Table of Contents
Journal of Discrete Mathematics
Volume 2014, Article ID 486354, 6 pages
http://dx.doi.org/10.1155/2014/486354
Research Article

Radio Numbers of Certain -Distant Trees

1Department of Mathematical and Computational Sciences, National Institute of Technology Karnataka, Karnataka 575025, India
2Department of Mathematics, Indian Institute of Technology Kharagpur, Kharagpur 721302, India

Received 22 August 2014; Revised 30 November 2014; Accepted 3 December 2014; Published 15 December 2014

Academic Editor: Tiziana Calamoneri

Copyright © 2014 Srinivasa Rao Kola and Pratima Panigrahi. This is an open access article distributed under the Creative Commons Attribution License, which permits unrestricted use, distribution, and reproduction in any medium, provided the original work is properly cited.

Abstract

Radio coloring of a graph with diameter is an assignment of positive integers to the vertices of such that , where and are any two distinct vertices of and is the distance between and . The number max is called the span of . The minimum of spans over all radio colorings of is called radio number of , denoted by . An m-distant tree T is a tree in which there is a path of maximum length such that every vertex in is at the most distance from . This path is called a central path. For every tree , there is an integer such that is a -distant tree. In this paper, we determine the radio number of some -distant trees for any positive integer , and as a consequence of it, we find the radio number of a class of 1-distant trees (or caterpillars).

1. Introduction

The channel assignment problem is the problem of assigning frequencies to transmitters in some optimal manner and with no interferences; see Hale [1]. Chartrand et al. [2] introduced radio  -colorings of graphs which is a variation of Hale’s channel assignment problem, in which one seeks to assign positive integers to the vertices of a graph subject to certain constraints involving the distance between the vertices. For any simple connected graph with diameter and a positive integer , , specifically, a radio -coloring of is an assignment of positive integers to the vertices of such that , where and are any two distinct vertices of and is the distance between and . The maximum color (positive integer) assigned by to some vertex of is called the span of , denoted by . The minimum of spans of all possible radio -colorings of is called the radio -chromatic number of , denoted by . A radio -coloring with span is called minimal radio -coloring of . Radio -colorings have been studied by many authors; see [39].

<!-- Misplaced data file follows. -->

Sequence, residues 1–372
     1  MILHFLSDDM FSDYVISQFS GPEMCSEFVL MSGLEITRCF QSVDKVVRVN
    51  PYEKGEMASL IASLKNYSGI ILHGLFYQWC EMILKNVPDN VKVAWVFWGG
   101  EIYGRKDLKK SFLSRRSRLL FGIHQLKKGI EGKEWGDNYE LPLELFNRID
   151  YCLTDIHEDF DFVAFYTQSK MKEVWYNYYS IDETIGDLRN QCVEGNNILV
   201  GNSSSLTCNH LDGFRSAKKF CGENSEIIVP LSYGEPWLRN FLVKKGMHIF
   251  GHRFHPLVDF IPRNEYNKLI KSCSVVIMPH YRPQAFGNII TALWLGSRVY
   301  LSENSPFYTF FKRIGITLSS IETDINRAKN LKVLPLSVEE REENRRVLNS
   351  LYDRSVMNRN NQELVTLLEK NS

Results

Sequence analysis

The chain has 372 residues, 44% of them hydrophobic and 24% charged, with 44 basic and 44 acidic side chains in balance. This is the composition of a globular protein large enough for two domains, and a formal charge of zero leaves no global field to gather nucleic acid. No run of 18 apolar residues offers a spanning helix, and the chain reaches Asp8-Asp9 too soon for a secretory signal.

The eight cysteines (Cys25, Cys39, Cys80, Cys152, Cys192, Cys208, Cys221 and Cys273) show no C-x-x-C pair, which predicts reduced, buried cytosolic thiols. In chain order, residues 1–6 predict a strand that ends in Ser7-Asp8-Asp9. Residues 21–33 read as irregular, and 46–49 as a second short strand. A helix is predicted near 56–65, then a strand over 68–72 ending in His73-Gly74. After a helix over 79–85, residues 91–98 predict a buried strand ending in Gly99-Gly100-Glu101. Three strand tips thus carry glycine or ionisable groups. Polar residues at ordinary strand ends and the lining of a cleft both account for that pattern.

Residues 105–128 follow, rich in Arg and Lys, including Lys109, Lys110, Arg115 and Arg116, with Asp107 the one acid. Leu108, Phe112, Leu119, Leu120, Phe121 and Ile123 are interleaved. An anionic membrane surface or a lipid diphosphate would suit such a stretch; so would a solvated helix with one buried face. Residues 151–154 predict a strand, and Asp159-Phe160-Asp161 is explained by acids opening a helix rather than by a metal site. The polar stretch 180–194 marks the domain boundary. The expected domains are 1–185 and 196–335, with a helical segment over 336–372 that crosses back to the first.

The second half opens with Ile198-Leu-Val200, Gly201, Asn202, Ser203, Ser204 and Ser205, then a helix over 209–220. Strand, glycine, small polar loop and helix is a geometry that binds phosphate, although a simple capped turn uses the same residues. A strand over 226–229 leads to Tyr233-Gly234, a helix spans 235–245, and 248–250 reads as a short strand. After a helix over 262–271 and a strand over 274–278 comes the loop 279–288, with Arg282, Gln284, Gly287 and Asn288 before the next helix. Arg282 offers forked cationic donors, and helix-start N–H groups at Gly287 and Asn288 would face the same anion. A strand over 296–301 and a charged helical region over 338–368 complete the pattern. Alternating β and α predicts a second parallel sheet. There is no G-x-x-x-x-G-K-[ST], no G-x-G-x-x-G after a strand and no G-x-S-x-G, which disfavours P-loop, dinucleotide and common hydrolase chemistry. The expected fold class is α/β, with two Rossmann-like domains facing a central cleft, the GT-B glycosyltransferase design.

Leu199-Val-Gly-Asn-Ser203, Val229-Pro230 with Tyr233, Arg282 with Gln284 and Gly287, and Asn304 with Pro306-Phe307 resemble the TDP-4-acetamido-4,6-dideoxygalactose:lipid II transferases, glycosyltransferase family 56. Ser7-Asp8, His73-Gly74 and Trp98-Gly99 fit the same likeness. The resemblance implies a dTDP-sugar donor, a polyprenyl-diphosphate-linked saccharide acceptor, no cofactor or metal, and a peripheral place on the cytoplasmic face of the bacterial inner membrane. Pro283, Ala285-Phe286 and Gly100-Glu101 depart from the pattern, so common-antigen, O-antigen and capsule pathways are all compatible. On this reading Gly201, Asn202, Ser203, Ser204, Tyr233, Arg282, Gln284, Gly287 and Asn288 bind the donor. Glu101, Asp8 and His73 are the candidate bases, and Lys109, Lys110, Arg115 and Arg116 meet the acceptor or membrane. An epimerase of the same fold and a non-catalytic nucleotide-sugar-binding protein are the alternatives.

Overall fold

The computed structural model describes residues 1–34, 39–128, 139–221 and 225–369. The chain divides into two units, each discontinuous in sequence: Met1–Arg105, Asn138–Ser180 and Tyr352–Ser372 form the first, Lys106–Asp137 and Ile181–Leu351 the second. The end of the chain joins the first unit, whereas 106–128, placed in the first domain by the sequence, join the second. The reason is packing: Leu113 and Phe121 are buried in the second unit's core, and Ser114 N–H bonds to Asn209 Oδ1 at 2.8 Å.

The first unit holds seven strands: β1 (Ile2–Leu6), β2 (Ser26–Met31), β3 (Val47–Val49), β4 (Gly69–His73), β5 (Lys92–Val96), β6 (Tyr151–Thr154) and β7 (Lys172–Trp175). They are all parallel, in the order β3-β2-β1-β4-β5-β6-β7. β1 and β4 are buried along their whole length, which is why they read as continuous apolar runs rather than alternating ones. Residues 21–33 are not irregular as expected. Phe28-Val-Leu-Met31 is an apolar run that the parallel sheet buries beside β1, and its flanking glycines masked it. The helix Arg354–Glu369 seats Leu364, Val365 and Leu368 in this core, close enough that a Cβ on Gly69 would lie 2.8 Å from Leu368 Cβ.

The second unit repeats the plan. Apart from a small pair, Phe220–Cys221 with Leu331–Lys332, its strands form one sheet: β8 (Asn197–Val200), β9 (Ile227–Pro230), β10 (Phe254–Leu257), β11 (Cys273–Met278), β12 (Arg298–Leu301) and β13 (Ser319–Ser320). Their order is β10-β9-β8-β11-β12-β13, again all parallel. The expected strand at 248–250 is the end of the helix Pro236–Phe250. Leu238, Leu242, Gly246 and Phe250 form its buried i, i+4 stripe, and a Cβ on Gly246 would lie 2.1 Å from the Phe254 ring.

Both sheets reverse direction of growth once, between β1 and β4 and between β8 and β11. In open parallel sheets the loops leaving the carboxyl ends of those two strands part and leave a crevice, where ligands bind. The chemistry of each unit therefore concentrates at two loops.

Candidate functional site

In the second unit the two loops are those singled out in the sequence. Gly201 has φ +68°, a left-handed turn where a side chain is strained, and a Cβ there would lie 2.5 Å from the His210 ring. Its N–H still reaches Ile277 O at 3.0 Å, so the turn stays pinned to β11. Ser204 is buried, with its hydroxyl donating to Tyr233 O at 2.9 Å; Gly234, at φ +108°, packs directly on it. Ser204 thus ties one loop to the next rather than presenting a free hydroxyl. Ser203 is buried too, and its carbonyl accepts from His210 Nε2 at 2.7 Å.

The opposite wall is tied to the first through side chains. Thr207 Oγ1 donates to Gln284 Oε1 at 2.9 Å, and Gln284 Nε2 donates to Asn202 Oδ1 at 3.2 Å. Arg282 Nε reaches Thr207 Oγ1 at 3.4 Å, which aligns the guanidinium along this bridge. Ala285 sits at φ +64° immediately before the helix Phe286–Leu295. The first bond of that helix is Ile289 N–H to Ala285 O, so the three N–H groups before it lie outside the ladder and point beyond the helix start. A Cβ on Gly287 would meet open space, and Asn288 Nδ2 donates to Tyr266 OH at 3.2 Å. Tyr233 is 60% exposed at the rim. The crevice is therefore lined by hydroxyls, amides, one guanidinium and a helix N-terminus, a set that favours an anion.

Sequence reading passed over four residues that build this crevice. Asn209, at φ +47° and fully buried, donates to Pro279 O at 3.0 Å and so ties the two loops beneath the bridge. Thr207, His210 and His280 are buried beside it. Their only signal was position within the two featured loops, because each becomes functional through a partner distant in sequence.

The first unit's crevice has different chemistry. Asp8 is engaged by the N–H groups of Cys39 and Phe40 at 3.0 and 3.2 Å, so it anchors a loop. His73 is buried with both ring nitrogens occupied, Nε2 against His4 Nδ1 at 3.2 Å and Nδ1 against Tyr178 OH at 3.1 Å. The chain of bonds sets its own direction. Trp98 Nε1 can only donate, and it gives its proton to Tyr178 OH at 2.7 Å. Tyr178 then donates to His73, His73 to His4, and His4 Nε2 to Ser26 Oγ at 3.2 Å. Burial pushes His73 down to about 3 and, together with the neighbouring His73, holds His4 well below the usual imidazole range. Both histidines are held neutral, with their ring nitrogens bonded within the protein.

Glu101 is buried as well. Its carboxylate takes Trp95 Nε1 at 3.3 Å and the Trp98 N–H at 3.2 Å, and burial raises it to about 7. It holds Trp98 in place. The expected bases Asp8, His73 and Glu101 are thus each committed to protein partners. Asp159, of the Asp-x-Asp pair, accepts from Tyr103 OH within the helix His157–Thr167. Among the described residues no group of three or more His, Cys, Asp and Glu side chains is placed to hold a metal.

Although the positive integer can have value in-between and , the case has become a special interest for many authors. Radio -coloring is simply called radio coloring and radio -chromatic number is radio number. Here we concentrate on radio number of trees. Kchikech et al. [4] have found the exact value of the radio -chromatic number of stars as and have also given an upper bound for radio -chromatic number, , , of an arbitrary non-star-tree on vertices as . Liu [5] has given a lower bound for the radio number of an -vertex tree with diameter as , where is the weight of defined as . She also has characterized the trees achieving this bound. In the same paper, Liu considered spiders denoted by , which are trees having a vertex of degree , and number of paths of length whose one end vertex is and other ends are pendant vertices. She has given a lower bound for the radio number of as , where , and has also characterized the spiders achieving this bound. Li et al. [10] have determined the radio number of complete -ary trees () with height (≥2), denoted by , as .

In this paper, we determine the radio number of some -distant trees for any positive integer , and as a consequence of it, we find the radio number of a class of -distant trees (or caterpillars).

2. Radio Numbers of Some -Distant Trees

Recall that an -distant tree is a tree in which there is a path of maximum length such that every vertex in is at the most distance from . This path is called a central path. Since we consider the path as a path of maximum length, the end vertices of are of degree one vertices in the -distant tree; that is, if : is a central path of , then . For every tree , there is an integer such that is a -distant tree. Usually -distant trees are known as caterpillars.